'Trust ASIO': Australia passes spook's charter Part A

Metadata retention is all that's left

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Australia's draconian national security legislation has passed the Senate, and with its passage through the House of Representatives next week a certainty, will become law.

As well as the “monitor an unlimited number of computers” provisions reported yesterday, the federal government has:

  • Banned the “reckless” (as defined by the Attorney-General) reporting of “Special Intelligence Operations” (operations can be declared SIOs by the director-general or assistant director-general of ASIO), with penalties of up to ten years in jail;
  • Increased the maximum prison sentence for identifying ASIO officers from one year in jail to ten;
  • Given ASIO the power to use third-party computers as intermediaries on the way to the computers they want to target; and
  • Given ASIO the power to copy/modify/delete data on computers covered by its interception warrants.

All minor-party attempts to moderate the impact of the laws were defeated, with the Labor opposition supporting the government in the Senate, to at best muted journalistic opposition.

Comment: why worry?

The year is 1983, the city is Melbourne, and a spy agency has settled on one of the stupidest training exercises ever to become public knowledge.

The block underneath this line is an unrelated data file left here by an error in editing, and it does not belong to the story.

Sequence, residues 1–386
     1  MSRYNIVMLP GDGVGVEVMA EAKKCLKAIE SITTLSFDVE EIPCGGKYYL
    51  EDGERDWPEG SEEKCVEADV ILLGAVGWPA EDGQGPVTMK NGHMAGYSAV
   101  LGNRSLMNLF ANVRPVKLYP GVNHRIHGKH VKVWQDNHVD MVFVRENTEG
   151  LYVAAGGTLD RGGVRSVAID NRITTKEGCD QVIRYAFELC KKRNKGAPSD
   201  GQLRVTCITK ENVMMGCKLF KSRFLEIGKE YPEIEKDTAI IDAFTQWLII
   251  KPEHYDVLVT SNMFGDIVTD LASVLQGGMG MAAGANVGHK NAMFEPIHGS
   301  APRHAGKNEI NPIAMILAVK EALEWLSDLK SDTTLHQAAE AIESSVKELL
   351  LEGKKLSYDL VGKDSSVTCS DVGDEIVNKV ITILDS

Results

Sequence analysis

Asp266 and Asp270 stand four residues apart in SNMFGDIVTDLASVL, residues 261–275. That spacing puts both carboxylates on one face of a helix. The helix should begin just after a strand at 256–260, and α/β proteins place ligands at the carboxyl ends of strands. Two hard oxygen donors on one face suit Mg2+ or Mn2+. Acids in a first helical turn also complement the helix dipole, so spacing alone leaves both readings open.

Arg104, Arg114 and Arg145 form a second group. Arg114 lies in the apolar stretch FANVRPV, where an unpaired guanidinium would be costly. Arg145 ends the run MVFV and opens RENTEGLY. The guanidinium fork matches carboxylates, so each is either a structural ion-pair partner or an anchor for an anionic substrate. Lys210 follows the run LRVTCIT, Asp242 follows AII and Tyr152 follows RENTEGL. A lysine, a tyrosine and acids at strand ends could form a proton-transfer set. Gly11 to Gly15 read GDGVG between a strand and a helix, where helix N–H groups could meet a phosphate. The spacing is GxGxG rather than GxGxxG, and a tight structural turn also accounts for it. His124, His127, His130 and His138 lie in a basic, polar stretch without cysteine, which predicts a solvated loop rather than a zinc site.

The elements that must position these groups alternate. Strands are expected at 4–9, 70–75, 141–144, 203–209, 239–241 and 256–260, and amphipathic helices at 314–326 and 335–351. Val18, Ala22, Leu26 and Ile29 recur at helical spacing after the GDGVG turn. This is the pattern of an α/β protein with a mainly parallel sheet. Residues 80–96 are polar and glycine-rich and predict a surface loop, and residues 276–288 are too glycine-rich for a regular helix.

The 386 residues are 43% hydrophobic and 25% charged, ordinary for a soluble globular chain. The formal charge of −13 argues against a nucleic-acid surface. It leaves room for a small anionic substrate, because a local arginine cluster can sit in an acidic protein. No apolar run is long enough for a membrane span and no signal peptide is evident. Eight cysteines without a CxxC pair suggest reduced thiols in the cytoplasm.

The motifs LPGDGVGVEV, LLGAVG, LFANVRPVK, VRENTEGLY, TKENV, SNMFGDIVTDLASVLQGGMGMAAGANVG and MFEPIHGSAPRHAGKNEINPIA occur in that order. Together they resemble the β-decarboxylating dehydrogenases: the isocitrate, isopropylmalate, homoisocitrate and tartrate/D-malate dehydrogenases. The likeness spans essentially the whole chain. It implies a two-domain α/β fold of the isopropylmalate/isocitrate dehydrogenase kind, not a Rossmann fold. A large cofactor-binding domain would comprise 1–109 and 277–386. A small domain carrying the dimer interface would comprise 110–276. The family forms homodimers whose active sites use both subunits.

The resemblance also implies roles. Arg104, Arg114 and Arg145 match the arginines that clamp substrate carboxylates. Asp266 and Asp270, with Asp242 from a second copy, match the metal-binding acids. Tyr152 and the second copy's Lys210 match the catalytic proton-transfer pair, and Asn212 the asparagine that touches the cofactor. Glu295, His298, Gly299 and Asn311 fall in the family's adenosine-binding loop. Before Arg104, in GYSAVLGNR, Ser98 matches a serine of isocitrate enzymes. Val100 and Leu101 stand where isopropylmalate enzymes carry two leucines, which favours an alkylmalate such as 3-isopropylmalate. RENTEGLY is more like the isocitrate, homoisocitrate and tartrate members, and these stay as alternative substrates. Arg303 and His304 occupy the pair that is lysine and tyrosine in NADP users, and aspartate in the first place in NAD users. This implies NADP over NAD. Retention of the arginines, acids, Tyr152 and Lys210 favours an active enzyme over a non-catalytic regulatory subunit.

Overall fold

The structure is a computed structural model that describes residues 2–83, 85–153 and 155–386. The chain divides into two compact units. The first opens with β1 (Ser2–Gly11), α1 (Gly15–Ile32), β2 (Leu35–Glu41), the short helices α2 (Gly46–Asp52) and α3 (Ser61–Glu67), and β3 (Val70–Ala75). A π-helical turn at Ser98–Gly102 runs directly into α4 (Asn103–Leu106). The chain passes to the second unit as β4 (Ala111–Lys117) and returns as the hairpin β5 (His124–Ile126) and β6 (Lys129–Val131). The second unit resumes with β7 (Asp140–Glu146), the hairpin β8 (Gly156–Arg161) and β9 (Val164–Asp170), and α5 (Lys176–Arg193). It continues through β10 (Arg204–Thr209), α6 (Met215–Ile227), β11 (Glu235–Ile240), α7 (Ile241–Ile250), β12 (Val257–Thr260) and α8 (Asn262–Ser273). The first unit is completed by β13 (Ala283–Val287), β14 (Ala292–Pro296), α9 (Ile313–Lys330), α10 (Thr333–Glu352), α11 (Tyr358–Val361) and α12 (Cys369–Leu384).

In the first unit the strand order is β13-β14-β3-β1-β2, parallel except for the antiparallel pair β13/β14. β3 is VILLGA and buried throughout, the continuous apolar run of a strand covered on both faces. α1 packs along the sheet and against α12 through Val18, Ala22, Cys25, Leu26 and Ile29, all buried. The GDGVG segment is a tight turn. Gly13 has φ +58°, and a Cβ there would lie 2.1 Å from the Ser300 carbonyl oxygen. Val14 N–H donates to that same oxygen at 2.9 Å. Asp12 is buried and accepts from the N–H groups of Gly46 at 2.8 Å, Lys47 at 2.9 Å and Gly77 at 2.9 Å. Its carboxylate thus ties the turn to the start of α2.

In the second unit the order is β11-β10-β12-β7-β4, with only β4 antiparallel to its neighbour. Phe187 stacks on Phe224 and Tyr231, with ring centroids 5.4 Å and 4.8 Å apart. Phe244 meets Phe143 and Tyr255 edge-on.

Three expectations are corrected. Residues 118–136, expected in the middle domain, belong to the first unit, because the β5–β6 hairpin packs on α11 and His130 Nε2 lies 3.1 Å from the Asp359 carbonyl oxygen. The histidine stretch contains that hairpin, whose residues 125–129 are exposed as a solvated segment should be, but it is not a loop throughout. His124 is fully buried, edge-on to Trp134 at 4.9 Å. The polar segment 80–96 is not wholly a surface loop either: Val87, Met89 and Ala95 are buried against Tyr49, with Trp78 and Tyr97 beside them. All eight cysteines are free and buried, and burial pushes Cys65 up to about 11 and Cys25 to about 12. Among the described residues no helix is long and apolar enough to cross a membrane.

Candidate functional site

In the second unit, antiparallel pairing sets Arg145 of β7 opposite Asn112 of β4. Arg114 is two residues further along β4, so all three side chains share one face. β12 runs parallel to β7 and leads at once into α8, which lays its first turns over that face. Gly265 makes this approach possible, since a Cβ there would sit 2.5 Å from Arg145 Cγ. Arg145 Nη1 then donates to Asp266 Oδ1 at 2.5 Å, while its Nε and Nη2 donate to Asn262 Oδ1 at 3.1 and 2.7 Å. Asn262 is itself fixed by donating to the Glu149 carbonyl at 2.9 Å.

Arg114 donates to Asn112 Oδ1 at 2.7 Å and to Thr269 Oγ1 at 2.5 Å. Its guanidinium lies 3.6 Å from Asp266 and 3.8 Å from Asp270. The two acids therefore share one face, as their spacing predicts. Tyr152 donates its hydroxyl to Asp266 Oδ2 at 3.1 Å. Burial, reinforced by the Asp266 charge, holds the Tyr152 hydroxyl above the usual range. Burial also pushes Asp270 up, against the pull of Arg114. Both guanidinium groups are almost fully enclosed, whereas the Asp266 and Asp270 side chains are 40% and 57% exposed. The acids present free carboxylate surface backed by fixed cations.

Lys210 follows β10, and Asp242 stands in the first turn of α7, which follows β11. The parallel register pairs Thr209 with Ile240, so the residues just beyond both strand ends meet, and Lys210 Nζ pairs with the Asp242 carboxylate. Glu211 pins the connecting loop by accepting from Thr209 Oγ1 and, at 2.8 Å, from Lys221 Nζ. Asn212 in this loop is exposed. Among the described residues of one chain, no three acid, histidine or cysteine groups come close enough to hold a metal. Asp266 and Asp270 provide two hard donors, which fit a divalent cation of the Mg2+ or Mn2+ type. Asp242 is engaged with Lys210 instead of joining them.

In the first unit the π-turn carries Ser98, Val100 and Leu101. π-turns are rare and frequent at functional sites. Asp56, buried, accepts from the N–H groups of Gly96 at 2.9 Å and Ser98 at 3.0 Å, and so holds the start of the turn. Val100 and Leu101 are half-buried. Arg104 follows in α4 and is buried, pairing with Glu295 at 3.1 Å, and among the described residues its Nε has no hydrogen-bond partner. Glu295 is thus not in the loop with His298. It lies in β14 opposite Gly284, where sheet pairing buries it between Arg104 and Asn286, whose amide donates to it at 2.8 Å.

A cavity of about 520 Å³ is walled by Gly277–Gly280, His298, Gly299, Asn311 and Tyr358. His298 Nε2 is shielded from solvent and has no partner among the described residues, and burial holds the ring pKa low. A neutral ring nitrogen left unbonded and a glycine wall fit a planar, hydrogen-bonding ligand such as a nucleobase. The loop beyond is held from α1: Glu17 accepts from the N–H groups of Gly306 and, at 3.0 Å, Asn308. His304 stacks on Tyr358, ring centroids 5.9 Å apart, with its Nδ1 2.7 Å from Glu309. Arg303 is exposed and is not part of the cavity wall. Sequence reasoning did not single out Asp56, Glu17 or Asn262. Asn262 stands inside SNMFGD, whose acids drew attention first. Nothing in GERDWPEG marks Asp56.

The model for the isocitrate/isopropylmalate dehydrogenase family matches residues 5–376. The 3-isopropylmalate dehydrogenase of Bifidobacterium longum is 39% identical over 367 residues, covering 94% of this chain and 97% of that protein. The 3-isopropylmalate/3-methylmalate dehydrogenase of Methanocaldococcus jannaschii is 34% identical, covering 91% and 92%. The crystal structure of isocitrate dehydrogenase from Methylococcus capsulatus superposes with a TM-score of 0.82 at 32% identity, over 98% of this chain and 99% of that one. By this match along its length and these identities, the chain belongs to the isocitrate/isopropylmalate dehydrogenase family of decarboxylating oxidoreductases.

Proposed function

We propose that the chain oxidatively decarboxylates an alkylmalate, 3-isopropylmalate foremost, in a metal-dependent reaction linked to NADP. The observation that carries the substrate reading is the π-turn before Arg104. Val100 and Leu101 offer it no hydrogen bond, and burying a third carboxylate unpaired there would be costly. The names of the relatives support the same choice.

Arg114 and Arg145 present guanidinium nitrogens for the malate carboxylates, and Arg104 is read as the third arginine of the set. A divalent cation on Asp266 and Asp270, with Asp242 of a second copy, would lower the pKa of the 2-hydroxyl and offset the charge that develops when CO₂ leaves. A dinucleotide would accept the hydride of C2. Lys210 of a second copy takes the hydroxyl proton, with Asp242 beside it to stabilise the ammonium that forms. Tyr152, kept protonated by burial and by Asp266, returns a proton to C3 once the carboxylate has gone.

Acting (unbelievably) on their own initiative, ASIS trainees staged a faux hostage rescue in what was then the Melbourne Sheraton hotel, and made such an utter shambles of it that their formerly-secret agency got put under intense scrutiny at the Hope Royal Commission.

After threatening the hotel's manager with weapons, the agents then hopped into cars, one of which got stopped by Victoria Police but the occupants declined to produce ID, and the whole thing became public.

Along the way, Melbourne newspaper The Age published details of the operation – including the agents' names.

That whole incident would be protectable under the kind of laws that passed the Senate last night. In spite of a bunch of jejune idiots waving both pistols and machine-guns around in a public place, the “special intelligence operation” coverage of the incident would have kept it out of newspapers, backed up by the threat of ten years in the slammer.

It appears, however, that Australia's press can't manage a memory with a 31-year span: even with an example to hand of why the laws are a bad idea, media has been unable to summon up the incident to mount a serious challenge to the attorney-general George Brandis' assertions that the laws are about leakers, not journalists.

Laws protecting spooks are just as likely to get deployed not to protect their successes, but to hide their mistakes – and with nary a murmur from Canberra's press gallery, the nat-sec Kool Aid has been served and swallowed. ®

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